Many aging adults don’t want to go to the doctor. Maybe they’ve had bad experiences with doctors or they’re afraid of what they might hear, but if your senior won’t go, you need a structured approach to the problem.
Talk about it Before it’s an Emergency
If you’re waiting until your senior’s health conditions are way out of control, that’s not the best timing. You need to talk about this issue well before it’s truly an emergency. By the time things really are out of control, you may have to make some decisions as her caregiver that your aging family member isn’t able to make for herself. You want her to still have some say in what happens whenever possible.
Don’t Corner Your Senior
You probably have some really strong feelings about getting your senior into her doctor’s office, but if you’re trying to pressure her too much, she’s going to resist even more. You can certainly talk with her about what the consequences are likely to be if she continues to avoid her doctor, but you really need to avoid trying to scare her.
Share Your Concerns Lovingly
Just telling your senior you want her to go to her doctor may not be enough. Give her your reasons in a loving and concise manner. You want to convey to her that you’re voicing these concerns because you care about her well-being and you want her to be as healthy as possible. But remember that your concerns aren’t the only ones that matter.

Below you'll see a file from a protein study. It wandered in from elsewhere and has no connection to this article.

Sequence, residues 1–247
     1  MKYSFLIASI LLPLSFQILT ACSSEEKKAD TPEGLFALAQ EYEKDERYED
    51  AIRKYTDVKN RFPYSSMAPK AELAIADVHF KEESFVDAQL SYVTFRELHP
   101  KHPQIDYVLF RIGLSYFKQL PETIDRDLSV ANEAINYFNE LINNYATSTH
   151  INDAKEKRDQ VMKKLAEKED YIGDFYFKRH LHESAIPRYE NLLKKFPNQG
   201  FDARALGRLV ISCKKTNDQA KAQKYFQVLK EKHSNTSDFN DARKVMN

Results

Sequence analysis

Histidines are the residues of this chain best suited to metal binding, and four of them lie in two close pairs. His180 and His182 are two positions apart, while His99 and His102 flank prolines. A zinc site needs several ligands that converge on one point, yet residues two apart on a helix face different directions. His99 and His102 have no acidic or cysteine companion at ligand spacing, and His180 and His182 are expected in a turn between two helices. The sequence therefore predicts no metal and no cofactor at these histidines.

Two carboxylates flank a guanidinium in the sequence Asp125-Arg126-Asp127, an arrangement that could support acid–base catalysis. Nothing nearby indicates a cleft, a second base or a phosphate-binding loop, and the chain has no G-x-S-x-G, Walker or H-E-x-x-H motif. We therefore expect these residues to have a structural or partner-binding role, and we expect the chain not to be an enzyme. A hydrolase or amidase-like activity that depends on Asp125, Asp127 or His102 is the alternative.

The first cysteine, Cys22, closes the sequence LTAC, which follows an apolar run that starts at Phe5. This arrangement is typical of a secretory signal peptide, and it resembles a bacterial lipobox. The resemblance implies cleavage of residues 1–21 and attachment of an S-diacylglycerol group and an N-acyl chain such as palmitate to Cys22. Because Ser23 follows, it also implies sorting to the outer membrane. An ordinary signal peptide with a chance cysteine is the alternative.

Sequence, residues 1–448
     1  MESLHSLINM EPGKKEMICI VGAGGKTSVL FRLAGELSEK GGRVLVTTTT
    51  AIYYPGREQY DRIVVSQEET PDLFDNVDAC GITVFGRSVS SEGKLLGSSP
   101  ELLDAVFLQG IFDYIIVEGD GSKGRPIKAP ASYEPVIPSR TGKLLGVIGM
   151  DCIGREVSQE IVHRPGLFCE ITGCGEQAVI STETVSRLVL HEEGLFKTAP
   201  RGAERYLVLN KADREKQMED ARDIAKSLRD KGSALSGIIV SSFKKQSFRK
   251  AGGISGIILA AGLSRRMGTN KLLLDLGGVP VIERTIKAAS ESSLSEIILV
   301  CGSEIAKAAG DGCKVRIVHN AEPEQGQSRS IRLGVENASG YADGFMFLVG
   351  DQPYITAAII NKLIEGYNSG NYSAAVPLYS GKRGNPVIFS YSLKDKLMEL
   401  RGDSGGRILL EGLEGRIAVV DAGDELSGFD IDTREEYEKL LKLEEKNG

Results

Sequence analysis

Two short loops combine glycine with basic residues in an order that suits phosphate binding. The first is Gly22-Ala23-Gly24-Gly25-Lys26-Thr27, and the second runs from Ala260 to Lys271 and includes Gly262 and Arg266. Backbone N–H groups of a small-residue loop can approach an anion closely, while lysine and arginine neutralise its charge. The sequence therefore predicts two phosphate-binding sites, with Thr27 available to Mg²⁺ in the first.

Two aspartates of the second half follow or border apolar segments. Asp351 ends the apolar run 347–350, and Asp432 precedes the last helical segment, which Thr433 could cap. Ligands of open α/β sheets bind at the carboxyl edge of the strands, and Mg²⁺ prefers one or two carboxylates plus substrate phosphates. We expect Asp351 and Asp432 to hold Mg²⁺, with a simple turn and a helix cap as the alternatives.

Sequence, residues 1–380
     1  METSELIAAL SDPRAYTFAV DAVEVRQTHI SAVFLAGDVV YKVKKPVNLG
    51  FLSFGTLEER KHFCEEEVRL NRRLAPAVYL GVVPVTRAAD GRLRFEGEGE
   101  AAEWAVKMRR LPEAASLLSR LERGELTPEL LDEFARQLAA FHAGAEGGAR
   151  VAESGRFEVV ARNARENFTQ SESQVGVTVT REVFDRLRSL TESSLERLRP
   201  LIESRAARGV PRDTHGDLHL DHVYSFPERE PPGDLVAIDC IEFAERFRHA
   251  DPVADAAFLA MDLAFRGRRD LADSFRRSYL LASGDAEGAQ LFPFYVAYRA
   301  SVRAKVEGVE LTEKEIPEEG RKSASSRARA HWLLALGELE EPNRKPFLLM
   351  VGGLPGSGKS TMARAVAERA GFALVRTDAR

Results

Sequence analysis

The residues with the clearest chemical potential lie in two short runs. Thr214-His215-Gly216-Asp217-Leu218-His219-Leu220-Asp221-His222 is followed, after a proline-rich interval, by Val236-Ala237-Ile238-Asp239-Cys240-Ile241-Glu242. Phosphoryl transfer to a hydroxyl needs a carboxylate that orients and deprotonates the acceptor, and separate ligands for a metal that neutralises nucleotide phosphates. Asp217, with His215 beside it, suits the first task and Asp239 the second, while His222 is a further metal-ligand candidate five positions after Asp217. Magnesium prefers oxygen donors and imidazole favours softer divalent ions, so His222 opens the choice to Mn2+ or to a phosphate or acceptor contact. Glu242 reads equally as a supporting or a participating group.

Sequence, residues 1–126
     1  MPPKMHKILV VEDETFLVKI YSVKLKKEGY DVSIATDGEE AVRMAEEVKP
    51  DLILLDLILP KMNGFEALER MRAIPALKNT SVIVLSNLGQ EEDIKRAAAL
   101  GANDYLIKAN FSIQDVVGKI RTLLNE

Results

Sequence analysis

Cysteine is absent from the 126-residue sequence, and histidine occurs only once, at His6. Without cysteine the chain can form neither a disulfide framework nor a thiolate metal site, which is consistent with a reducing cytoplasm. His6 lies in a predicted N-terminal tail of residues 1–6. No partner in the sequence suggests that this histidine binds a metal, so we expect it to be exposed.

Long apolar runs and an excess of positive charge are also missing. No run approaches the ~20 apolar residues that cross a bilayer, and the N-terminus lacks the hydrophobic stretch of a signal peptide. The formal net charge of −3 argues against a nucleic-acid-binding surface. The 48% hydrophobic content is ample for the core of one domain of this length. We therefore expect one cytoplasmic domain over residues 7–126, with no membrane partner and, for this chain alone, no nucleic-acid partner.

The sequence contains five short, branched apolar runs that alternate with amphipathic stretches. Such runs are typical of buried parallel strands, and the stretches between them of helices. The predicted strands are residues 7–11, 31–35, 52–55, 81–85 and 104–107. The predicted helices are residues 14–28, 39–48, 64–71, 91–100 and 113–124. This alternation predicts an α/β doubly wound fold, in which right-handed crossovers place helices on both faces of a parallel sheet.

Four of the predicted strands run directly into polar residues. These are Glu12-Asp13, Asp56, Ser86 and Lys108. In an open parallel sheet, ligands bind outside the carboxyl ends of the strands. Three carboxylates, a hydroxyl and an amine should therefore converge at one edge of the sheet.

Listen to What She Says
It’s really important that you listen to what your elderly family member is telling you. Glossing over her concerns or fears is not a great way to convince her that you care about what she has to say. Ask questions if you need to clarify what she’s saying or dig deeper into her concerns.
Find Solutions to Problems
As you’re listening to your senior’s issues with this topic, help her to find solutions. If transportation is a big issue for her, then hiring home care providers to do the driving could be the right answer. If your senior doesn’t feel that she needs to see her doctor, figure out when she last saw her doctor and ask if a checkup is possible for her. Compromising might be the best answer.
In the end, you may need to regroup and let your senior make this decision on her own. As long as she’s in good mental health, forcing her to go to the doctor could be traumatic for her. Don’t ignore the issue, but you don’t want to alienate your senior, either.
If you or an aging loved-one are considering a Home Care Service in Garden City, NY, please contact the caring staff at Family First Home Companions. Serving all of Long Island. Call today: (631) 319-3961
Jennifer has specialized training in Alzheimer’s disease through the Long Island Alzheimer’s Association and the Long Island Alzheimer’s Foundation.She also volunteered her time with the Alzheimer's Disease Assistance Center of Long Island for 3 years by providing cognitive stimulation to an Alzheimer’s patient group.
Jennifer educates the community about elder care and speaks to caregiver support groups, senior centers, and at professional organizations.Topics include home safety, effective strategies for family caregiving, elder care planning, and awareness about elder abuse.
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